"Discovery learning" is great, except when it's ineffective, says Reform K12.
The discovery learning method is a way for teachers to allow the child to discover things for himself or herself, because when a child makes the discovery, the learning is much deeper and more likely to be remembered. That spark of "Eureka" or "I have found it!" is what kindles the true flame of learning.
Actually, we don't disagree, it's just we have a better proposal: Teach! Students will learn a lot more in less time.
Just so there's no misunderstanding, we fully support the responsible use of guided discovery in the classroom. Master teachers have known this for years.
What we don't support is the abandonment of direct instruction, especially for some key concepts and techniques which must be taught.
For example, in the University of Chicago's Everyday Math program, they don't recommend teaching children the long division algorithm, saying "let the children discover a division algorithm for themselves." (The program also embraces calculator use starting with kindergarten, so we bet we know which "algorithm" the kids would pick!)
We were fully grown before we understood completely how the long division algorithm works, so we'd place the chances at our discovering it in childhood, oh, at about zero.
Isaac Newton said, "If I have seen further, it is because I stood on the shoulders of giants."
Good thing Newton didn't have teachers enamored with the discovery learning method, or he would have been relegated to standing next to the aforementioned giants.
The California Curriculum Commission is urging the state ed board to not buy K-8 science books that rely heavily on "hands-on" materials and discovery learning. The Washington Post reports:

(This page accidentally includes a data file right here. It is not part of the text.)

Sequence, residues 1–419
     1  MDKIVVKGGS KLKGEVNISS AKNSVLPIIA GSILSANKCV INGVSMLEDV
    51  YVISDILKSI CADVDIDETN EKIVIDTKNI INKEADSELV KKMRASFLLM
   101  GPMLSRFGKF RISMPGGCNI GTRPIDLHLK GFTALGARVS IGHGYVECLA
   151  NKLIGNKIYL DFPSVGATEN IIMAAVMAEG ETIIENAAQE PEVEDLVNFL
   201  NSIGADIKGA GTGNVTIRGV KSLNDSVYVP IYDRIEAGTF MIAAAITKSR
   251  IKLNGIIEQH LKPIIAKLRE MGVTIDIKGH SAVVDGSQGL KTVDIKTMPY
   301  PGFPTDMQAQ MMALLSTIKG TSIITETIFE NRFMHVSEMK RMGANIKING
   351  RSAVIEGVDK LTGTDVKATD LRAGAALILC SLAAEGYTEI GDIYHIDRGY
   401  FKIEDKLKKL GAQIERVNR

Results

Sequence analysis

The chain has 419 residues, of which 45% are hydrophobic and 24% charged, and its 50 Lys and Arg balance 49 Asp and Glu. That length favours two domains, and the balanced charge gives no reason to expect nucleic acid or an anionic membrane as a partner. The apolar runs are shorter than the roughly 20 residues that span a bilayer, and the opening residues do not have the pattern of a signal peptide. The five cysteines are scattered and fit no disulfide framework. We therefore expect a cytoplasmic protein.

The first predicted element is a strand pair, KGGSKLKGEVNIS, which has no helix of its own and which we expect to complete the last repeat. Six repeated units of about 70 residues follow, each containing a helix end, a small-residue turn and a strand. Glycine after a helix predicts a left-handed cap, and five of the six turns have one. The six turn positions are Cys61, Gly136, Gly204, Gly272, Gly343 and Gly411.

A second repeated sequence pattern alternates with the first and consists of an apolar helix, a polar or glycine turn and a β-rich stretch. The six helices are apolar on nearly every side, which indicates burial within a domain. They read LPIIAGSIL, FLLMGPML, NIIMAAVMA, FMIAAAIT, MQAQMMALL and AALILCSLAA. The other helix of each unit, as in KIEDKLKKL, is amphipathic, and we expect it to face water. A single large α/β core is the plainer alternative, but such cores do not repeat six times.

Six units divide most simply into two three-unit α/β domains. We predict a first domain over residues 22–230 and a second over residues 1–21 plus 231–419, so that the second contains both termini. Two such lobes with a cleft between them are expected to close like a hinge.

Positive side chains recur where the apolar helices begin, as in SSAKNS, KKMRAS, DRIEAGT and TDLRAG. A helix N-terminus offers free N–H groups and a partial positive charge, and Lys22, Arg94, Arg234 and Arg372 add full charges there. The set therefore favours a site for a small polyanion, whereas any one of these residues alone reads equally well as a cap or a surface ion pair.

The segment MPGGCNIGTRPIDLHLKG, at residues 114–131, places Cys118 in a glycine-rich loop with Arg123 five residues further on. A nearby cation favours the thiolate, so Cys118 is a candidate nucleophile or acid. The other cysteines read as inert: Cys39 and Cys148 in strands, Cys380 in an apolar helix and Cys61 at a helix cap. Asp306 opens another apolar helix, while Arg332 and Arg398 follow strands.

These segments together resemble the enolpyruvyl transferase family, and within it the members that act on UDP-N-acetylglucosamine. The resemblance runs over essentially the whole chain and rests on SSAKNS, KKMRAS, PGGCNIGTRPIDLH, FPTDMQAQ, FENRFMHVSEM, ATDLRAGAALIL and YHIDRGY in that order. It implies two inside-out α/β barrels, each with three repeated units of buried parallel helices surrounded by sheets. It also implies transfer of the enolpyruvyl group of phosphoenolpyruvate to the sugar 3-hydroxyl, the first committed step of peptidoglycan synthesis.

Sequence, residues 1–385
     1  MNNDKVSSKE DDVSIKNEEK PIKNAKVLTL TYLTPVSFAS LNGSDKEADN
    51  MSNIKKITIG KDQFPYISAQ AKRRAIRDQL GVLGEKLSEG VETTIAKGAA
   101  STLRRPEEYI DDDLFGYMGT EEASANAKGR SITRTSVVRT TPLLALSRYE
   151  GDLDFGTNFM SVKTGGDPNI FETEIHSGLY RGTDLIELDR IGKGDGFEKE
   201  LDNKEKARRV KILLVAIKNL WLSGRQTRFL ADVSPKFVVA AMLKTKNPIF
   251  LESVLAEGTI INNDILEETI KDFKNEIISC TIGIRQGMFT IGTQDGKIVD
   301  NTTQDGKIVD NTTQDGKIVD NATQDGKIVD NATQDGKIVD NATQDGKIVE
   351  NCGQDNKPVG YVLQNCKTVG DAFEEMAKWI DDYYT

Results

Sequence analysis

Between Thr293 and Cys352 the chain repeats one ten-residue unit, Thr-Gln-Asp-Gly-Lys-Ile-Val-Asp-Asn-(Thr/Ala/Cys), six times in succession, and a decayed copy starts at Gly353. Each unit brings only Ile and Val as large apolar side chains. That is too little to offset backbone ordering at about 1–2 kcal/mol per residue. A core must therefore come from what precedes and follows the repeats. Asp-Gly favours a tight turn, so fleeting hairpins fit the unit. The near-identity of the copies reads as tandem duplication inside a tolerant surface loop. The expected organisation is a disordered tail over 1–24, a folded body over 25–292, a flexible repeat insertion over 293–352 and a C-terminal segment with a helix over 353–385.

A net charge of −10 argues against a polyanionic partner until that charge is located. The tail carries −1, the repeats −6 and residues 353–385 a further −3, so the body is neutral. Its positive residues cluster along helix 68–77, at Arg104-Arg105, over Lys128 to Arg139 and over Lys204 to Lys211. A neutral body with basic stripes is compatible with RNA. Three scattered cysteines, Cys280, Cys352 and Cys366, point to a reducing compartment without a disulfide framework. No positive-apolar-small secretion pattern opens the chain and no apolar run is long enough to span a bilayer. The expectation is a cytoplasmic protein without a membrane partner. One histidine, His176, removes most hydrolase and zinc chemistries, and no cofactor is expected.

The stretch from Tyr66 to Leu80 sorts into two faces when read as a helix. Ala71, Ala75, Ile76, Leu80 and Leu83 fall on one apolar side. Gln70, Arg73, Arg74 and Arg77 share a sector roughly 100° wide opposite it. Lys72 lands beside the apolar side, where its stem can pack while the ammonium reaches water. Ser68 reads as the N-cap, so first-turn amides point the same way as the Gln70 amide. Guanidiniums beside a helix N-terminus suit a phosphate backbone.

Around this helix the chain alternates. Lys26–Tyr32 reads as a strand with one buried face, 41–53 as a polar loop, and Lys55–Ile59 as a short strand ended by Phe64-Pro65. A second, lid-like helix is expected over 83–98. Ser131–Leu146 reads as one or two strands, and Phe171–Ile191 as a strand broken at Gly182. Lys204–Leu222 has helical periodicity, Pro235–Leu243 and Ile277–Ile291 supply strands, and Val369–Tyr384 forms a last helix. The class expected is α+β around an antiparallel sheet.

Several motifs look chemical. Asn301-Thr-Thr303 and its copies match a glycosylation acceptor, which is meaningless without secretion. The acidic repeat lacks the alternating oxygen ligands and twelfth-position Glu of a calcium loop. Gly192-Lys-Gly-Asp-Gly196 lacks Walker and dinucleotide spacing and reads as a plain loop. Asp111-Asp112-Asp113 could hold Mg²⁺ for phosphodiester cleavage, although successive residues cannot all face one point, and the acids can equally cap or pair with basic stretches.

Thomas Adams, executive director of the curriculum commission, said critics are misrepresenting the panel's views. He said commission members are trying to balance the need for a comprehensive science curriculum with the limited science background of many K-8 teachers. Twenty to 25 percent of hands-on instruction seemed like "the most reasonable amount of time for someone faced with the challenges of limited facilities and limited time," he said.
Kimberly Swygert of Number 2 Pencil says too much lab work can become busy work.
Smart teachers call it "hands on, brain off."
Science testing often is done so badly it doesn’t measure science knowledge, says this Education Week article. It gives examples of questions that telegraph the correct answer, testing students' ability to read and use common sense, rather than science knowledge. Here's my favorite example from an eighth grade science test:
Your school's Academic Team has chosen Archimedes as its mascot, and for the team shirt you have created a new symbol to represent Archimedes and his discoveries. The team members have asked you to attend their next meeting to inform them about your symbol. Write a speech to read to the team members, which describes and explains your symbol and tells why it is appropriate for the team.